Apr. 22, 2017 06:15 PM EDT Reads: 4,526
Cloud Expo, Inc. has announced today that Aruna Ravichandran, vice president of DevOps Product and Solutions Marketing at CA Technologies, has been named co-conference chair of DevOps at Cloud Expo 2017. The @DevOpsSummit at Cloud Expo New York will take place on June 6-8, 2017, at the Javits Center in New York City, New York, and @DevOpsSummit at Cloud Expo Silicon Valley will take place Oct. 31-Nov. 2, 2017, at the Santa Clara Convention Center in Santa Clara, CA.
Apr. 22, 2017 05:30 PM EDT Reads: 2,132
To more closely examine the variety of ways in which IT departments around the world are integrating cloud services, and the effect hybrid IT has had on their organizations and IT job roles, SolarWinds recently released the SolarWinds IT Trends Report 2017: Portrait of a Hybrid Organization. This annual study consists of survey-based research that explores significant trends, developments, and movements related to and directly affecting IT and IT professionals.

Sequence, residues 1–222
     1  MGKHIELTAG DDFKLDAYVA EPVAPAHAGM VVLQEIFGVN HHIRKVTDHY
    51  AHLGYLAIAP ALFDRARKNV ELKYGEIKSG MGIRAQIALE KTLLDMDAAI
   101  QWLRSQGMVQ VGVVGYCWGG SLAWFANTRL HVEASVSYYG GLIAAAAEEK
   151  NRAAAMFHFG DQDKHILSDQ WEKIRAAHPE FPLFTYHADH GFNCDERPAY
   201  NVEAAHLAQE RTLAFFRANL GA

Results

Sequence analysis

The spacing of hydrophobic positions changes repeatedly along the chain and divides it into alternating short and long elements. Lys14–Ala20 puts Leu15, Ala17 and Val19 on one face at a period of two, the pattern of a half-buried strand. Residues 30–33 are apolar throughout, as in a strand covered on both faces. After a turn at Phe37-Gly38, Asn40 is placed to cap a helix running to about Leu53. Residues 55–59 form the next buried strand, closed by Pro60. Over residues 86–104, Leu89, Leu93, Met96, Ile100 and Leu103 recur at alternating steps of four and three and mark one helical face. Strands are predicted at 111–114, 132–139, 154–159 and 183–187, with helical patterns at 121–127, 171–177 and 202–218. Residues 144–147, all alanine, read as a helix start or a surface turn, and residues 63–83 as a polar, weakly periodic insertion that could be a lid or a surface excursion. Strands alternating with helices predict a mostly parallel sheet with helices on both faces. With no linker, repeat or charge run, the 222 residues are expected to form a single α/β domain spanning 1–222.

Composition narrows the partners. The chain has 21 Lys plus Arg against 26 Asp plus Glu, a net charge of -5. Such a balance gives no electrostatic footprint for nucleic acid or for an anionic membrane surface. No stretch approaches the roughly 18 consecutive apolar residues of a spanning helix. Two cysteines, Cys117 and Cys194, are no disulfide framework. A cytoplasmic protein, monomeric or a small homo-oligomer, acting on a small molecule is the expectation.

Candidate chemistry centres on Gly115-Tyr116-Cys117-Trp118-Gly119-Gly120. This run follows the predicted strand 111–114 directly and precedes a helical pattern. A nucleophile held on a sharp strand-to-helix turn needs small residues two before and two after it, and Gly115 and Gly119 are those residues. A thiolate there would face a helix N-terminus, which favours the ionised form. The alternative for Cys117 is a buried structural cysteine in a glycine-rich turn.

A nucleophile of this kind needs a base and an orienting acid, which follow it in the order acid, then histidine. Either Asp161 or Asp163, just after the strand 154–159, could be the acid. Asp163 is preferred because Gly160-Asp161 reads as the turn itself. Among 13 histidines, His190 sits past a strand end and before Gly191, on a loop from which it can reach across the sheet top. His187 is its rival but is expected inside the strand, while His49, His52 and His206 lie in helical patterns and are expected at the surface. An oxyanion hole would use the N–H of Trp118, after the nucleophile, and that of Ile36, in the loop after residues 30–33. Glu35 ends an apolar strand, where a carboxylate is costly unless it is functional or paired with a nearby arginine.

Apr. 22, 2017 02:45 PM EDT Reads: 931
Developers want to create better apps faster. Static clouds are giving way to scalable systems, with dynamic resource allocation and application monitoring. You won't hear that chant from users on any picket line, but helping developers to create better apps faster is the mission of Lee Atchison, principal cloud architect and advocate at New Relic Inc., based in San Francisco. His singular job is to understand and drive the industry in the areas of cloud architecture, microservices, scalability ...